Because of this, Proverbs talks less about having money and more about how we use money. Look at Proverbs 14:20-21: “The poor are disliked even by their neighbors, but the rich have many friends.” That verse echoes the observation made in Proverbs 19:4: “Wealth brings many friends, but the poor are left friendless.” Proverbs is not saying this is how it should be; this is how it is.
Right now in Seattle there is an outcry from folks in the Magnolia neighborhood about turning some of the buildings at Ft. Lawton into low income housing. People object that low income housing should not be located next to or even in Discovery Park. Meanwhile these buildings that housed military families for years sit empty. Most people favor more low income housing and shelter spaces off the streets for the homeless, but not in my neighborhood; not in my backyard. “The poor are disliked even by their neighbors.”
But then Proverbs issues a theological judgment—verse 21: “Those who despise their neighbors are sinners, but happy are those who are kind to the poor.” Proverbs suggests, as does Jesus, that how we treat the poor affects our relationship to God. Jesus said, “As you did it to one of the least of these my brothers and sisters, you did it to me,” and Proverbs echoes that idea:
14:31—“Those who oppress the poor insult their Maker, but those who are kind to the needy honor him.”
19:17—“Whoever is kind to the poor lends to the Lord, and will be repaid in full.”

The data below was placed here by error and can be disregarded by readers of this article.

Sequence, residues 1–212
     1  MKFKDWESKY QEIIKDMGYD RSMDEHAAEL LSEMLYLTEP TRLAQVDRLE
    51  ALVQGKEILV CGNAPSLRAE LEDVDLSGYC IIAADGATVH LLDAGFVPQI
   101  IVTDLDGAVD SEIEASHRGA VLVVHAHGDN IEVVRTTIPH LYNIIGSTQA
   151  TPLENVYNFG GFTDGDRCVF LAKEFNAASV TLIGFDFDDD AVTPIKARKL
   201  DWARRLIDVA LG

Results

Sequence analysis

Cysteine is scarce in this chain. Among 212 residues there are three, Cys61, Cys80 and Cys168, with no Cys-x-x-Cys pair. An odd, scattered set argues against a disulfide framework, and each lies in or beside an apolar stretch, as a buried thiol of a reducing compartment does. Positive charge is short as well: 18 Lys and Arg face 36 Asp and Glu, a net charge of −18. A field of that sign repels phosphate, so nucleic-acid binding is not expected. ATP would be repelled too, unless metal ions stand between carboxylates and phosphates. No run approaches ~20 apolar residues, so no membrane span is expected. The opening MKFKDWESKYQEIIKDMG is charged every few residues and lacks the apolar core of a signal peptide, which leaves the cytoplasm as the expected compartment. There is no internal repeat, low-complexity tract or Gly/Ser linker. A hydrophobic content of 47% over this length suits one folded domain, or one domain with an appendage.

22:9—“Those who are generous are blessed, for they share their bread with the poor.”
How we treat the poor affects our relationship to God.
So what is Proverbs attitude toward money? It is summarized in the last two proverbs on the insert. Proverbs 30:8-9 says, “Remove far from me falsehood and lying; give me neither poverty nor riches; feed me with the food that I need, or I shall be full, and deny you, and say, ‘Who is the Lord?’” or I shall be poor, and steal, and profane the name of my God.”
This reminds me of our first scripture lesson where the apostle Paul says to Timothy,
For we brought nothing into the world, so that we can take nothing out of it; but if we have food and clothing, we will be content with these. But those who want to be rich fall into temptation and are trapped by many senseless and harmful desires that plunge people into ruin and destruction.
Proverbs knows that we need money to live. It also recognizes the relationship between poverty and powerlessness. But far more important than the amount of money we have is our relationship to God. Hence Proverbs 11:4 says, “Riches do not profit in the day of wrath, but righteousness delivers from death.” At the end of our lives it won’t matter how much money we have made. What will matter is our relationship to God, a relationship given to us by grace through Jesus Christ and experienced in our love shown to others.
In the musical Hello, Dolly, near the end of the show Dolly makes this observation. She says, “Money, if you’ll pardon the expression, is like manure; it’s not worth a thing unless it’s spread around encouraging young things to grow.”
That, according to Proverbs, is how money buys happiness.